Hello! This is the section of The Creator’s Compass called Droplets of Courage. The idea is to share tiny steps of courage (either mine or others) while facing insecurities, doubts, and fears on the journey of bringing to life a dream, or intention.
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Taking inspiration from Terry Freedman and his wisdom on writing within boundaries as a way in which to laser-beam creativity, I decided to write a short story. I set out to keep the word count of my story under 700 words. Well, I failed. And I failed again while editing in an attempt to cut sufficient enough words to reach my goal. Oh well, I had fun penning an old fashioned tale. And hey, it’s under 900 words. That’s got to count for something!
Sharing this story isn’t the grandest act of courage, but it is a droplet. I’ve never before shared a short story with an illustration. Teaching myself how to illustrate has been a wonderful, albeit challenging, endeavor, and I thank all of you for walking with me on this journey.
So, without further ado, here is my old-fashioned Christmas fable and illustration.
The Sound of Christmas
Some called her Beauty. But she didn’t so much like that, for she was just a girl living in a cottage with her mama and papa. Her real name was Emma, and she met the world with amber eyes that, when excited, sparkled like gold dust. It would be futile for her to deny her beauty, yet, despite what she saw in the mirror, she wasn’t affected. Maybe she was wise beyond her years because she was born that way, or because she was an only child and her parents spoke to her as if she were older. However her wisdom came to be, Emma knew appearance was a magical display, and magic never lasts.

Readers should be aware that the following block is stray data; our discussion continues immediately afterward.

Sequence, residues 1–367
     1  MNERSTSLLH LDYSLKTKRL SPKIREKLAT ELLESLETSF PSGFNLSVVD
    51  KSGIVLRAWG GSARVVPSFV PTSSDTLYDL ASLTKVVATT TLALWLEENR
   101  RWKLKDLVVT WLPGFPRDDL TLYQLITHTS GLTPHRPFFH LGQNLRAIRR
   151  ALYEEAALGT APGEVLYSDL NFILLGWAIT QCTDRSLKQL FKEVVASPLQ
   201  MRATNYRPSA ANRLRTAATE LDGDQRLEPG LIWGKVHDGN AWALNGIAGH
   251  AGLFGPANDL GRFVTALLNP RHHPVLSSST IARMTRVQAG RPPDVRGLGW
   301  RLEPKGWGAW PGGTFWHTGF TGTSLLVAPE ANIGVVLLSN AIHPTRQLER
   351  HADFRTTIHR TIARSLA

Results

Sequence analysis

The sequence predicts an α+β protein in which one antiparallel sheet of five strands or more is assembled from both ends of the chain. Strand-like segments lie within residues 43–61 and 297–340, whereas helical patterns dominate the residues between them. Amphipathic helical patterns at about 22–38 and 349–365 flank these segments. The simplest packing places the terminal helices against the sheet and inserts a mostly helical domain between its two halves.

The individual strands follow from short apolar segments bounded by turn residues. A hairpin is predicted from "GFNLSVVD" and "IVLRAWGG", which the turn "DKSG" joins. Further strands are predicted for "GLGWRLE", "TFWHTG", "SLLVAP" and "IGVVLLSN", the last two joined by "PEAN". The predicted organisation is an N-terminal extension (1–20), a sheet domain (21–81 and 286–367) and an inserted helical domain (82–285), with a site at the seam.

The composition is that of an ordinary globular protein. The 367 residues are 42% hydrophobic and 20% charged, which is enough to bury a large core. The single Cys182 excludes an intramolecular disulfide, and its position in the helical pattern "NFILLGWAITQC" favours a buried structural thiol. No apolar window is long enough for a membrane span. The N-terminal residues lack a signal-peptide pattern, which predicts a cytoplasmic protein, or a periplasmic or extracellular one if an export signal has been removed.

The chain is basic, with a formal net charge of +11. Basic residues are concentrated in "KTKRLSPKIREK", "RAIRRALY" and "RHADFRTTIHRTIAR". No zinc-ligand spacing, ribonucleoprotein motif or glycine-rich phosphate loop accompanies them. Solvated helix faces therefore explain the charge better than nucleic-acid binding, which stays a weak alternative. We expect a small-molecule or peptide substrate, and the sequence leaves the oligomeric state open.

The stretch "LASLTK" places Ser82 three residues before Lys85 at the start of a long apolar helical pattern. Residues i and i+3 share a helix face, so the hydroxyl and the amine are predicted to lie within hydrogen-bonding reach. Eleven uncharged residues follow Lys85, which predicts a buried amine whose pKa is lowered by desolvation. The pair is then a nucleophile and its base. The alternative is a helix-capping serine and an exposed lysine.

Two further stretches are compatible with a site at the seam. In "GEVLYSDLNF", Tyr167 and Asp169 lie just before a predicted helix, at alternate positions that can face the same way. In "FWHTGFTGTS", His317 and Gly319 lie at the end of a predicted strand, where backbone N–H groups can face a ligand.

Unlike many children with early bloomed intelligence, Emma was not arrogant. On the contrary, she was warmhearted. But she was shy. Her reticence prevented her from speaking to anyone but her parents and the farmer down the road who always gave her family ample supplies of the freshest milk from the most adored cows in all of New England.
Her inability to speak to others greatly distressed her parents.
“What are we to do?” her mama would whisper in the night when Emma was safely tucked into bed, asleep and cozy. “She has no brothers or sisters to look after her when we are gone.”
Emma’s papa would pat his wife’s hand and sigh. “She will find her way, darling. Don’t worry. You will see.”
Every morning after chores, Emma took walks. She strolled in any weather, breathing in the scents of all seasons. Spring smelled like sweet honey, summer of berries, fall of spicy cinnamon and wood smoke, and winter never failed to strike her imagination as what the scent of moonlight would be. If her fingers numbed from the cold, she’d bundle up in warm, soft layers. If sweat slid down her spine, she’d take off her shoes and enjoy the squish of the earth under her bare toes. One would think days filled with flowers were her favorite to amble in the rolling hills and nearby woods, yet the days in which sound hushed and vibrant color hid under those quilts of white was what stole her heart.